KARACHI: Currency experts and dealers say the exchange rate is still under a strong grip of political and economic uncertainty, even after one of the quickest recoveries in the past week.
The rupee has gained 3.5 per cent in the interbank market since April 7 to reach 181.55 on Saturday, according to State Bank of Pakistan data.
Before that recovery, the dollar rose on the back of speculation by currency players amid political turmoil.
However, currency dealers believe the exchange rate can once again start moving in favour of the dollar because apparently there isn’t any force that can protect or strengthen the rupee.
Rupee strengthened 3.5pc against the dollar in interbank market since April 7
“Foreign exchange reserves of the country, particularly of the State Bank, have been declining, which is sending a strong negative signal to the currency market,” said Atif Ahmed, a currency dealer in the interbank market.
He said the growing import bill showed the trade deficit would continue to widen in the coming weeks and months.
“We paid over $14 billion to import petroleum products during the first nine months [July to March] of this fiscal year, almost twice as compared to a year ago,” he said.
Malik Bostan, the chairman of the Exchange Companies Association of Pakistan, agreed that the situation was far from normal. “Uncertainty is still there. The political crisis is in not yet over. We are living under the grip of all sorts of uncertainties, which will not allow the exchange rate to get stability.”
He said the country’s economic managers should closely watch the developments in Sri Lanka, which was not attacked by any country, but the country’s economy was still in trouble and citizens were on roads demanding food and fuel.
Earlier this week, Sri Lanka announced a default on its $51 billion foreign debt as the island nation is grappling with its worst economic downturn since independence in 1948, with regular blackouts and acute shortages of food and fuel in addition to record inflation.
Mr Bostan said Pakistan’s external front of the economy was dangerously exposed, particularly due to falling foreign exchange reserves and resident accountholders having withdrawn dollars from commercial banks. Pakistanis withdrew $329m from March 25 to April 8 from commercial banks.
Rising global oil prices and its high demand at home have pushed up the import bill.
However, bankers and analysts said it was not only the oil import bill that has been rising. A surge was also noted in the import of vehicles, machinery and vaccines. The government is also importing wheat and sugar and costly palm oil.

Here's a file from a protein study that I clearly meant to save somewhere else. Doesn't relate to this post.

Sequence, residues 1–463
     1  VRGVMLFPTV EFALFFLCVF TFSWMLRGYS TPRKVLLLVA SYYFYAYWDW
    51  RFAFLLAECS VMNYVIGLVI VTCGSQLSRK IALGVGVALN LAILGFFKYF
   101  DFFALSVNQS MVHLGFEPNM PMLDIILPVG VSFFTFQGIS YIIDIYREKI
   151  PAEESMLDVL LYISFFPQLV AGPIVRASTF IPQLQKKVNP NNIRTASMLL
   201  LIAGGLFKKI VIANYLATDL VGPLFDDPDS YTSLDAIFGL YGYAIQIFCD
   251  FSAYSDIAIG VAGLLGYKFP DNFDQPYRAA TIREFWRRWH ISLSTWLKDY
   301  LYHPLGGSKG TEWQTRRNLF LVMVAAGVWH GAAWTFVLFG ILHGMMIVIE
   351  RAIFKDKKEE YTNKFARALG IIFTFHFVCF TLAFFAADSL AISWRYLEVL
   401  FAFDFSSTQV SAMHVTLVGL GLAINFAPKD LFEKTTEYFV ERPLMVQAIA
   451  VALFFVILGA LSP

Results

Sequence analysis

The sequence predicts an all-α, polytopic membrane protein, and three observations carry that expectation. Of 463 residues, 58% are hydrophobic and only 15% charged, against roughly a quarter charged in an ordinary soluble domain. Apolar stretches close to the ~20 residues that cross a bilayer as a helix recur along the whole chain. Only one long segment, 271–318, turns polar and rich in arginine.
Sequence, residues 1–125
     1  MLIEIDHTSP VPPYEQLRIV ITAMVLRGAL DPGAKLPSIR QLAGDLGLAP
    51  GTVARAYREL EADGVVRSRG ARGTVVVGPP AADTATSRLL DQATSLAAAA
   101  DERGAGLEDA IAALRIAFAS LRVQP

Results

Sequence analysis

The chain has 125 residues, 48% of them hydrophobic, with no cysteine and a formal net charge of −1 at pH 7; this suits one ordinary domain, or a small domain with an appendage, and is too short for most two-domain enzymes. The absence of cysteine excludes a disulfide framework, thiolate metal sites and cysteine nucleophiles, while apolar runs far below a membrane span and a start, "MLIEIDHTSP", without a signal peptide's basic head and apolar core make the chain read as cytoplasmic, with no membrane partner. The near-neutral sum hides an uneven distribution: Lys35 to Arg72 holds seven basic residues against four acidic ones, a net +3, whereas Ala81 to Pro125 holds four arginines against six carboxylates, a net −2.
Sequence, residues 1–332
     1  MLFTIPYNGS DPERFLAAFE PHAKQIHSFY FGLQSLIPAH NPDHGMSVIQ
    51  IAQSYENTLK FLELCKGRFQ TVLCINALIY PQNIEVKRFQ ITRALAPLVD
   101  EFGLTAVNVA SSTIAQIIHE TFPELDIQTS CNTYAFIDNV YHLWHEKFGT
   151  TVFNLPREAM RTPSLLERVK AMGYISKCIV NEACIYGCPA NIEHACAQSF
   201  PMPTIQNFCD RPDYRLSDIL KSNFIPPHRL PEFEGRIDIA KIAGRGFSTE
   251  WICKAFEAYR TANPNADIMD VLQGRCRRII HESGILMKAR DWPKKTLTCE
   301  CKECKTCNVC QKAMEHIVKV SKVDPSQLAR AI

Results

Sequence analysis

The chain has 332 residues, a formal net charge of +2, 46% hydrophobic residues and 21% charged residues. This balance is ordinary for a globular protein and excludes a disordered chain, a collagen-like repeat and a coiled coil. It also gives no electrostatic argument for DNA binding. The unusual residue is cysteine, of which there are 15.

Aamir Aziz, a manufacturer and exporter of finished textile goods, said the industry had been importing modern textile machines to compete with regional countries. He said Bangladesh and India were already working with state-of-the-art machines.
He said growth of 8.4 per cent in large-scale manufacturing (LSM) in February reflected the increase in industrial activity. However, the LSM growth during July-February averaged out at 4.6pc.
The growth pattern is also reflected through a 170pc per cent increase in the private sector credit offtake during the first nine months of the current fiscal year.
However, currency dealers said the outflows of dollars from banks and domestic bonds reflected the uncertainty looming over both political and economic fronts.
“The demand is still high. Importers are willing to buy more, but the State Bank’s restrictions have kept buying and selling at a certain level,” said Atif Ahmed, the currency dealer.
There was no official confirmation, but the sources in the financial circle said paperwork had been completed for the rollover of $2.4bn from China. Pakistan paid back the due amount to China, whose foreign minister assured Islamabad of the rollover of the same amount.
The rollover will help the foreign exchange reserves of the State Bank, which have almost halved to $10.5bn this week from $20.07bn in August.
Bankers said the country still needed $15bn for debt servicing and other foreign obligations until the end of June, while widening trade and current account deficits were still the biggest challenges facing the country.